The president ends the suspense about who will lead the central bank. It's not a bad move — or is it?

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President Trump has discarded so many norms, who’s counting now? Add one more with his decision to not reappoint Janet Yellen to a second term as chair of the Federal Reserve.

It’s been 40 years since that has happened — the disastrous G. William Miller served little more than a year before President Jimmy Carter discarded him for Paul Volcker. Otherwise, the central bank’s leadership has been steady and less prone to political interference. Volcker, Alan Greenspan and Ben Bernanke were either appointed or reappointed by both Republicans and Democrats.

Monetary policy was conducted in a pragmatic way that led to “the Great Moderation” with steady growth and low inflation. Yes, Greenspan’s infatuation with Ayn Rand blinded him to the housing bubble. But the independent central bank, led by Ben Bernanke, made the important moves to avoid a second Great Depression when the panic began. The Fed’s extraordinary measures helped lift us out of recession, despite the headwinds of a GOP Congress wedded to destructive “austerity.” Even Trump said Yellen, Bernanke’s successor, was “terrific.”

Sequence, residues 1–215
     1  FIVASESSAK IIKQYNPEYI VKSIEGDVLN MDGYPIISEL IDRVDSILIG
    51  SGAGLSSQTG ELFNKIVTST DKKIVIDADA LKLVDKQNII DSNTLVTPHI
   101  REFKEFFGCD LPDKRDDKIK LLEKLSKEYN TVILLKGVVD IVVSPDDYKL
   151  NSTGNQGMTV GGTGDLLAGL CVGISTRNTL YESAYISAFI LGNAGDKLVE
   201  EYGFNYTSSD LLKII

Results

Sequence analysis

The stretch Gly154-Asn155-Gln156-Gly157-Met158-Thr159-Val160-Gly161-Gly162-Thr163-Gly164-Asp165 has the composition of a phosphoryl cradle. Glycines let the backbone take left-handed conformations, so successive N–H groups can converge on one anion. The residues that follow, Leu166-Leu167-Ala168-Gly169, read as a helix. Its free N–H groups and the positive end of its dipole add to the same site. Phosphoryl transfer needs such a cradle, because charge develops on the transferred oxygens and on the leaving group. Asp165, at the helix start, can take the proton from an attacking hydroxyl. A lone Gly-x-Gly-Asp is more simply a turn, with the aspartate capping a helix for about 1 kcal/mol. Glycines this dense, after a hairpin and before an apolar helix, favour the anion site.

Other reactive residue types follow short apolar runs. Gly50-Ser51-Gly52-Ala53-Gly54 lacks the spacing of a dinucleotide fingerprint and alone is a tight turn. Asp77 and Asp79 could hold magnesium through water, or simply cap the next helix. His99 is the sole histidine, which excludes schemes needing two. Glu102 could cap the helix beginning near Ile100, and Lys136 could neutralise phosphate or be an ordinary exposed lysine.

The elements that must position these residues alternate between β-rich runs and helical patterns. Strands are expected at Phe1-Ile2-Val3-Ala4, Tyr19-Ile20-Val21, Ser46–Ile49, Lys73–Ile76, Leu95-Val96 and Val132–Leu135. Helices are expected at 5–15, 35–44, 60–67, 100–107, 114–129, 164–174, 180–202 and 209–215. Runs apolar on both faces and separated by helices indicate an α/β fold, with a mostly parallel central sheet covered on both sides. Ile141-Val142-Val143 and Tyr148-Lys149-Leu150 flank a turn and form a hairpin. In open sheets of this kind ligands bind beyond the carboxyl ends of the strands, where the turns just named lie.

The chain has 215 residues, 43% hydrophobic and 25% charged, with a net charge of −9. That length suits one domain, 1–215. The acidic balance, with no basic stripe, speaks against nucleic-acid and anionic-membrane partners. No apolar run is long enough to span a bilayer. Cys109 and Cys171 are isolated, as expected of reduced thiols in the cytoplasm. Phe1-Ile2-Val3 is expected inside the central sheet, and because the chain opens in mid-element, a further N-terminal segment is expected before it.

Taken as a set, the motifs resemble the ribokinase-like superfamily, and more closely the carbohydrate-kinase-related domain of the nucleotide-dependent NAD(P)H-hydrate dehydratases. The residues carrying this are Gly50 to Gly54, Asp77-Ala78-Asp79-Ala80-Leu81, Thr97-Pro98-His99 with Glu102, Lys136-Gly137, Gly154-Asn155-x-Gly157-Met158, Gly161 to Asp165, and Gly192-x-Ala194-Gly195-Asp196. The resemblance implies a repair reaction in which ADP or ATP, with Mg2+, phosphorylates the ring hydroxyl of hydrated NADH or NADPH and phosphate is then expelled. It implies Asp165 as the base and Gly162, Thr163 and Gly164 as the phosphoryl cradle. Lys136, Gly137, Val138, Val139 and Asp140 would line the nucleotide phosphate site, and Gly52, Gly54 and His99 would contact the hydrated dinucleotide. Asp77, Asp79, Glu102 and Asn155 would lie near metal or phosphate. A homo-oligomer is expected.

To be sure, Trump could have done worse than Jerome Powell, his nominee to succeed Yellen. Most of his cabinet and agency appointees are wildly unqualified for their posts and, as exemplified by EPA chief Scott Pruitt, driven to wreck from the inside. Powell is already a Fed governor, seen as a centrist, and brings experience in finance and the ways of D.C. He’s not a trained economist (Miller was).

Powell may turn out to be a shockingly right choice. At the least, Trump avoided the most extreme Republican desires to politicize the central bank. As University of Oregon economics professor Mark Thoma points out, that wouldn’t have been the first time — and such moves never work out well.

Slow growth, stubbornly weak wage gains and very low inflation confront Powell. So does building consensus on a Fed board where Trump will have a chance to make new appointments, perhaps more ideological ones, those who would compromise the central bank’s independence. The overall economy is humming, which papers over a host of sins (rising inequality, decaying and backward infrastructure, etc.).

What happens in the next crisis — especially with Trump and the Republicans wanting to give the big banks and Wall Street even more room to take taxpayer-backed risks? No one can say, but Powell has a tough act to follow. And his very appointment, breaking a 40-year norm, should put him on notice.

It’s interesting that at a moment where gender inequality and opportunity (including in economics) are major topics, and daily reports surface of powerful men behaving like pigs… Trump dumps the “terrific,” highly qualified woman. Maybe it was simply because she was less willing to back away from oversight of the banks. Maybe she was another piece of the Obama presidency that Trump is driven to erase. Or…?

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Today’s Econ Haiku:

The tax overhaul

The takers will make out well

Takers at the top

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